Movie Review: Corpse Bride

By Purple
Movie Magazine International
A long legged tragic hero gets lost in the forest and falls into a new realm filled with colorful personalities and runs into the animated skeletal remains of his ever-faithful dog. No this isn't a recap of Jack Skellington and Zero from ten years ago, it's the turning point in the latest Tim Burton animated adventure, "Corpse Bride". "Corpse Bride" is a sure thing for Burton enthusiasts everywhere. The film is everything fans of "The Nightmare Before Christmas" could have wanted and more. While the two movies demand comparison, "Corpse Bride" stands on its own with a unique and twisted love story that comes together as one of the most enjoyable movies of the year.

Exquisite production design places you into Tim Burton's dream world, stylistically bringing together macabre elements inspired by a range of sources from the works of Edward Gorey to the "Grim Fandango" adventure game. Each frame painstakingly brought to life by hand, under the guidance of co-director Mike Johnson, a stop motion animator who's earliest works include the rippin' video for the Primus cover of "the Devil went down to Georgia".

Melancholy never looked so good. Johnny Depp makes for an excellent skellington like puppet, with an endless range of plastic molded facial expressions that capture every sad state and awkward moment the introvert has as he stumbles into true love.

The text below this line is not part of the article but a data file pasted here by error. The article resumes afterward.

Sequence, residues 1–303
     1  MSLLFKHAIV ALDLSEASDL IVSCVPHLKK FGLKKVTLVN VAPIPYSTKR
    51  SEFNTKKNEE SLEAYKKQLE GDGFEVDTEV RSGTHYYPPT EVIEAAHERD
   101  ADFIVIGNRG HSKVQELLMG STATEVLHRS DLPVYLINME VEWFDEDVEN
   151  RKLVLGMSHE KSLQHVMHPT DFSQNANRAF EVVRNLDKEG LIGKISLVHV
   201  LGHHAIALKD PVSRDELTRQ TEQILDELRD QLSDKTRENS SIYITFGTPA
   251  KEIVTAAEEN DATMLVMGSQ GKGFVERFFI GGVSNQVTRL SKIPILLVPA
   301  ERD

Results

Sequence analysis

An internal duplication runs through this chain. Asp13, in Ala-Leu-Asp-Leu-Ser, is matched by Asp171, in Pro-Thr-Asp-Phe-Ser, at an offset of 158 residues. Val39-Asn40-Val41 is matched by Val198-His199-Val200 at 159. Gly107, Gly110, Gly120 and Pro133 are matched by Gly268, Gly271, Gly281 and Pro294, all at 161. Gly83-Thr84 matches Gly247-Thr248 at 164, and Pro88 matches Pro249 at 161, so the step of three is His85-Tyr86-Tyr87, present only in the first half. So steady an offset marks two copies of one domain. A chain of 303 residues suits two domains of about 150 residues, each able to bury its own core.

Burton brings the rest of his regular roster of super stars straight from the chocolate factory and into the "Corpse Bride" - Depp is joined by Helena Bonham Carter, Christopher Lee and even Deep Roy, the freaky guy who played the Oompa Loompa carries the role of General Bonesapart. Tracy Ullman, Richard E. Grant, Michael Gough and more round out the cast of cult celebrities that add their voices to the mix.

Danny Elfman's horn driven jazz roots discover a new life in the undead clubs below, with some of the most memorable song and dance numbers sung by his skeletal counterpart BoneJangles. The rest of the musical songs are peppered throughout the production that will add another must have soundtrack album to memorize on your way to the Haunted Mansion.

The only shortcoming for "Corpse Bride" is its running time, and it seems like the house lights come on too quickly as the celluloid lasts only 75 minutes from end to end. Despite this, I'm certain they will be prying the dark clothed goth kids out of multiplexes way past Halloween with this one.

Looking forward to a second date with the "Corpse Bride", for Movie Magazine, this is Purple.
More Information:
Corpse Bride
UK - 2005